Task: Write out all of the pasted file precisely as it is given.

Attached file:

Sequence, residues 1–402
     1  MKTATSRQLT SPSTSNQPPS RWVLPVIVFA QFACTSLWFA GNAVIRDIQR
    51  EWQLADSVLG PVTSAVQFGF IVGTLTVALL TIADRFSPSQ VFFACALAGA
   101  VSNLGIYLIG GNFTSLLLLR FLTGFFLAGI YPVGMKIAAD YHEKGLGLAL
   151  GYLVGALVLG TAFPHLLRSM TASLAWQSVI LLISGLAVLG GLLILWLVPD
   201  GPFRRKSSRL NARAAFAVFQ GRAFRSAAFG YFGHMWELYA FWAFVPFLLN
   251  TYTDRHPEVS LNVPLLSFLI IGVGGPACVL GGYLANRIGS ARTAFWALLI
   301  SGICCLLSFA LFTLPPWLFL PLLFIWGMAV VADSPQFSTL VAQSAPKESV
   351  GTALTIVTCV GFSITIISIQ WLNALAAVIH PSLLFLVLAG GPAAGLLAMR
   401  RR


Sequence, residues 1–402
     1  MKTATSRQLT SPSTSNQPPS RWVLPVIVFA QFACTSLWFA GNAVIRDIQR
    51  EWQLADSVLG PVTSAVQFGF IVGTLTVALL TIADRFSPSQ VFFACALAGA
   101  VSNLGIYLIG GNFTSLLLLR FLTGFFLAGI YPVGMKIAAD YHEKGLGLAL
   151  GYLVGALVLG TAFPHLLRSM TASLAWQSVI LLISGLAVLG GLLILWLVPD
   201  GPFRRKSSRL NARAAFAVFQ GRAFRSAAFG YFGHMWELYA FWAFVPFLLN
   251  TYTDRHPEVS LNVPLLSFLI IGVGGPACVL GGYLANRIGS ARTAFWALLI
   301  SGICCLLSFA LFTLPPWLFL PLLFIWGMAV VADSPQFSTL VAQSAPKESV
   351  GTALTIVTCV GFSITIISIQ WLNALAAVIH PSLLFLVLAG GPAAGLLAMR
   401  RR